From Bricks and Corrugated iron to an Oasis in Suburbia
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Well I say walking distance, this is a very subjective phrase these days, and has definitely changed in meaning and distance.
I would guess, I lived two miles away from Crabtree Pond depending on which route I took.
Normally I would walk up Petre Street then join Ellesmere Road along Osgathorpe Road across Barnsley Road , and I was there.
It was a pleasant walk on a summer's day, maybe calling in at Earl Marshall Park on the way there and back, to slide on the giant slide.
Crabtree Pond is situated in the S5 area, meaning that many from different parts of Sheffield may not have visited or even heard of it – but that could also be said for many from S5 as well.
It is said to be an oasis of peace in the middle of a busy suburb, and I would agree.
In the 1970s when I was visited it, as a boy who lived among many brick terraced houses next to corrugated iron clad factories, it was definitely something different.
A pond teeming with life from small water boatmen that skimmed just below the surface of the water to water skimers which traversed the waters surface without breaking the surface tension – and thus walking on water.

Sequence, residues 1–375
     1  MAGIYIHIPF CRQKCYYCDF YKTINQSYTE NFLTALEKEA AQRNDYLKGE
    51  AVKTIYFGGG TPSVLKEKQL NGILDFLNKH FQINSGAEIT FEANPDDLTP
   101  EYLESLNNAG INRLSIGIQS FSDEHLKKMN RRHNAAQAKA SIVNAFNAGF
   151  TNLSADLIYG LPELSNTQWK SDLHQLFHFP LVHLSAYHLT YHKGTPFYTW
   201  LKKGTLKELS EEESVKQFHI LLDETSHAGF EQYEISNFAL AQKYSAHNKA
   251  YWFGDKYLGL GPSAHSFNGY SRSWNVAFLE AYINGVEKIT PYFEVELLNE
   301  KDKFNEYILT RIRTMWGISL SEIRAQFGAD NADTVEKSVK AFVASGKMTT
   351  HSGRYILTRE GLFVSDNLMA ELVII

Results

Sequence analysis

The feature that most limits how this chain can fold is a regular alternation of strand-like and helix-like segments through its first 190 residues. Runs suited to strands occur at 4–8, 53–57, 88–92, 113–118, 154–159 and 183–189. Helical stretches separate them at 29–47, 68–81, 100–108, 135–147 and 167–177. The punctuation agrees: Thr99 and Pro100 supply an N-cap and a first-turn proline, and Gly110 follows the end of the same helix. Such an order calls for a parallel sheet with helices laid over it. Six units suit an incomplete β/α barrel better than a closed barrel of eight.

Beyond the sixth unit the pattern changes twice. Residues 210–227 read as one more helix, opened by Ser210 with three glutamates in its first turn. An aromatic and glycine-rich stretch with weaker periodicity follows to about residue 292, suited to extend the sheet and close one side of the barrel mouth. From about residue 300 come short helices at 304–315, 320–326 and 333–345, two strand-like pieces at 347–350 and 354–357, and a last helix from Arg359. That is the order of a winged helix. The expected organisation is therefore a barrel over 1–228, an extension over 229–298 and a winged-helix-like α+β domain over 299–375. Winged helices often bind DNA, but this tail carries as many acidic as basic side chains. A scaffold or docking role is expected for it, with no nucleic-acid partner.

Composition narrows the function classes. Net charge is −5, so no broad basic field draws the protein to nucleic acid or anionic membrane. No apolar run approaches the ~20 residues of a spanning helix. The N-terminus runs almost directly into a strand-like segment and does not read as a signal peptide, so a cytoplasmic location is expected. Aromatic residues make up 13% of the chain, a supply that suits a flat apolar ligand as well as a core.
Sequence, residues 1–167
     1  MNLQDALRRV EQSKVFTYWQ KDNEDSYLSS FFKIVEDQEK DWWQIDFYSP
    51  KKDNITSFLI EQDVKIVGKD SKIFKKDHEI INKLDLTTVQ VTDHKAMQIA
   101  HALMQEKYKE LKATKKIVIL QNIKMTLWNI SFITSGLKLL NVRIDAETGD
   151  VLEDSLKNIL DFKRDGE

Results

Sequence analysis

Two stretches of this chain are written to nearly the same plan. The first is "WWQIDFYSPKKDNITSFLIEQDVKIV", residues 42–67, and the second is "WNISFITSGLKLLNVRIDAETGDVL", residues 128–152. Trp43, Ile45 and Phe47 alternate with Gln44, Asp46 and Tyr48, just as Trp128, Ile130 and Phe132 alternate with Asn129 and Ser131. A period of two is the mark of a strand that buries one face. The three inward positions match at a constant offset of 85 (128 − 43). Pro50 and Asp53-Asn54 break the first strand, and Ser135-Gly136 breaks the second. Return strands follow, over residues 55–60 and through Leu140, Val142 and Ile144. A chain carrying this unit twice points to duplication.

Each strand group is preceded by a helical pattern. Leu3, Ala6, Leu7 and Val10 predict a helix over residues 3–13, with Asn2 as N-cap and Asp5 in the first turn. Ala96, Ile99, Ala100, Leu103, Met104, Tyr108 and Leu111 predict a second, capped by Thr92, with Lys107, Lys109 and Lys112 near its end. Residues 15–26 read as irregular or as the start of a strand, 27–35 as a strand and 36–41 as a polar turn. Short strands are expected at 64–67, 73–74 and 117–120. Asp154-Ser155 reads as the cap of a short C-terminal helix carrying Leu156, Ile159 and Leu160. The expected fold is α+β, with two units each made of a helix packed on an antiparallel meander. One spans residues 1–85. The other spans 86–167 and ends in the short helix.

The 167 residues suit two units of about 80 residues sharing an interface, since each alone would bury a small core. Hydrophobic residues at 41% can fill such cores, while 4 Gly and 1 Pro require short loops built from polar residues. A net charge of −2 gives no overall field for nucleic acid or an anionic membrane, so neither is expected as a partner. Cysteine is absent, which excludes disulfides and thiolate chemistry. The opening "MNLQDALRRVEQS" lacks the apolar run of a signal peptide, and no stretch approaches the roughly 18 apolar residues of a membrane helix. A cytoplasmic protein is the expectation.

There were fish I couldn’t name, apart from sticklebacks, and anglers would pull many other different fish from the pond from time to time.
I knew about the sticklebacks, because when I was a pupil at the now extinct Burngreave Middle in the 70s, I helped build and propagate a small pond in the school grounds.
I went with my class teacher and we managed to net a stickleback and took it back to our new school pond.
Crabtree Pond is situated in a small wood beset with wildlife and adventure away from the bricks and concrete we were used to.
We would amble up there from time to time to watch the fishermen with their rods and maggots, or try to catch small tiddlers in a net.
Some of my friends would go up in the frog spawning season and collect frogspawn to see if they could grow it into tadpoles and frogs.
The woods had squirrels and birds such as blue tits, owls and kestrels – very different to the pigeons and sparrows we were used to seeing. It was definitely fun.
These swings were very precarious as they often swung out over a steep, deep bank making your stomach churn as you flew through the air. You needed to better make sure your grip was good – or you could come a terrible cropper.